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Rate The Last Book You Read!

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  • #61
    Re: Rate The Last Book You Read!

    Very interesting = 6.5/10?
    Azerbaboon: 9.000 Google hits and counting!

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    • #62
      Re: Rate The Last Book You Read!

      Originally posted by Federate View Post
      Very interesting = 6.5/10?
      Ya, not the best book I've read, there were some lame parts but oither than that it was a good book
      Positive vibes, positive taught

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      • #63
        Re: Rate The Last Book You Read!

        Originally posted by PepsiAddict View Post
        I finished reading the book
        Night Kills
        ...very interesting

        I give it a 6.5/10
        You might want to give the author since there can be multiple books with the same titles sometimes. I assume you meant Lutz's Night Kills?
        I'm glad you're reading, but may I suggest something like 1984 for your next read if you're ready to graduate to something more substantive?
        [COLOR=#4b0082][B][SIZE=4][FONT=trebuchet ms]“If you think you can, or you can’t, you’re right.”
        -Henry Ford[/FONT][/SIZE][/B][/COLOR]

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        • #64
          Re: Rate The Last Book You Read!


          9/10

          Very well done. Nothing short of what I would expect from Phil.
          It's interesting and very accessible thanks to his gift for explaining complex cosmological/astronomical phenomena for the layperson.

          Originally posted by Description from book
          A lively astronomy primer that uses cataclysmic scenarios to explain the universe’s most fascinating events.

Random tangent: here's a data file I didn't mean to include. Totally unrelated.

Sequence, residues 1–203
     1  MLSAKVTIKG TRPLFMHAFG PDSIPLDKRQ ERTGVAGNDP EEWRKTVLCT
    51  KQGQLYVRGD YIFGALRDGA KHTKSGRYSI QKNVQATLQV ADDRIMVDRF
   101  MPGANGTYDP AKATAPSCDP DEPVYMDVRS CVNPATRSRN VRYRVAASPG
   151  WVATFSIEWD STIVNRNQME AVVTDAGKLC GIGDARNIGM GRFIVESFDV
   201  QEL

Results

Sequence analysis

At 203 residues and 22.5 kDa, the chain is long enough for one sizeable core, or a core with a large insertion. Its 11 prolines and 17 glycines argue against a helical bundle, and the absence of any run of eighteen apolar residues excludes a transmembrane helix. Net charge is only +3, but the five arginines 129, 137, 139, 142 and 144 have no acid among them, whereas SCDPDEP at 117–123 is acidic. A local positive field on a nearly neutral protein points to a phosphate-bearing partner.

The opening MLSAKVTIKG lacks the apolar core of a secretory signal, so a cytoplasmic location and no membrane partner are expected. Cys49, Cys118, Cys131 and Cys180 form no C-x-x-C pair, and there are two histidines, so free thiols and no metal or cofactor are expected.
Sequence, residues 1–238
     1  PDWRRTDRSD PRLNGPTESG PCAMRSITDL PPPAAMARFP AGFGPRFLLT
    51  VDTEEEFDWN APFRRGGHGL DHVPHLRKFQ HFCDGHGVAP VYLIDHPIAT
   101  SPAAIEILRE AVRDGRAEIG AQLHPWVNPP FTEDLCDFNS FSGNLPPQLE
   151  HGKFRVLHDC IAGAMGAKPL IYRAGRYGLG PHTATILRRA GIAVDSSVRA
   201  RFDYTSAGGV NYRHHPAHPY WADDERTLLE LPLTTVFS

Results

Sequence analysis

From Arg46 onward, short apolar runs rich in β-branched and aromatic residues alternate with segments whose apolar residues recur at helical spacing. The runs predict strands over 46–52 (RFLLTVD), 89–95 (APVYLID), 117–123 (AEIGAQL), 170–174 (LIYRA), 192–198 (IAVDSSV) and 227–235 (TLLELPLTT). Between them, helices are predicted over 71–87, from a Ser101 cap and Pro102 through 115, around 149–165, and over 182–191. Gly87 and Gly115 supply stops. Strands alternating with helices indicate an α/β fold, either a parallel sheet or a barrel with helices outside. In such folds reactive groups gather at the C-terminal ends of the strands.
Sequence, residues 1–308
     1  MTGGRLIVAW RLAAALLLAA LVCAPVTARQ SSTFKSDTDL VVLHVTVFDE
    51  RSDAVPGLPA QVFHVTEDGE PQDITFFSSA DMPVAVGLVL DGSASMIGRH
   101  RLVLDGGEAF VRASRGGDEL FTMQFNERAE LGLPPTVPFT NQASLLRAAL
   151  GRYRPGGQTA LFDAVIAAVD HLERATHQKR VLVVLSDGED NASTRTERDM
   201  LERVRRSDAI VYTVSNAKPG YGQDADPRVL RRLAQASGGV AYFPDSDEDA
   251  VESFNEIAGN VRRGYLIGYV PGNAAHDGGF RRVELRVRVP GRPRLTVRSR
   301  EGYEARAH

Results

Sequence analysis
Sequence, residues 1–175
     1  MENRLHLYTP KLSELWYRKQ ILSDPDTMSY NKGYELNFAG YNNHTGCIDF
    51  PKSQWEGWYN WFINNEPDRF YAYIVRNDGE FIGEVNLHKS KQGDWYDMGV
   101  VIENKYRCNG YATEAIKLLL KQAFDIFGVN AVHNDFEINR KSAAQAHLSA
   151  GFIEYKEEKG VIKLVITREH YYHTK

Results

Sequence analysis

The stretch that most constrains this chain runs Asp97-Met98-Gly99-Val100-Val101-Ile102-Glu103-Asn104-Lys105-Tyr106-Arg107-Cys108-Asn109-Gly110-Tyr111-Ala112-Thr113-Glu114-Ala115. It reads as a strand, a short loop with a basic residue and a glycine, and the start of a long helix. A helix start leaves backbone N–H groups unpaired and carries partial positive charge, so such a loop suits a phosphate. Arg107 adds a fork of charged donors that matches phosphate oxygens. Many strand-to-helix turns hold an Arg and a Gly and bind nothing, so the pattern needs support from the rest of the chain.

According to astronomer Philip Plait, the universe is an apocalypse waiting to happen But how much do we really need to fear from things like black holes, gamma-ray bursts, and supernovae? And if we should be scared, is there anything we can do to save ourselves? With humor and wit, Plait details the myriad doomsday events that the cosmos could send our way to destroy our planet and life as we know it. This authoritative yet accessible study is the ultimate astronomy lesson.

          Combining fascinating—and often alarming—scenarios that seem plucked from science fiction with the latest research and opinions, Plait illustrates why outer space is not as remote as most people think. Each chapter explores a different phenomenon, explaining it in easy-to-understand terms, and considering how life on earth and the planet itself would be affected should the event come to pass. Rather than sensationalizing the information, Plait analyzes the probability of these catastrophes occurring in our lifetimes and what we can do to stop them. With its entertaining tone and enlightening explanation of unfathomable concepts, Death from the Skies! will appeal to science buffs and beginners alike.
          [COLOR=#4b0082][B][SIZE=4][FONT=trebuchet ms]“If you think you can, or you can’t, you’re right.”
          -Henry Ford[/FONT][/SIZE][/B][/COLOR]

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          • #65
            Re: Rate The Last Book You Read!

            ^ This is how a review should be done.
            Azerbaboon: 9.000 Google hits and counting!

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            • #66
              Originally posted by Siggie View Post
              You might want to give the author since there can be multiple books with the same titles sometimes. I assume you meant Lutz's Night Kills?
              I'm glad you're reading, but may I suggest something like 1984 for your next read if you're ready to graduate to something more substantive?
              Yes, Siggie it was by John Lutz

              Originally posted by Federate View Post
              ^ This is how a review should be done.
              Ok Fed for the next book that I complete I will give more of a review on it.
              Positive vibes, positive taught

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              • #67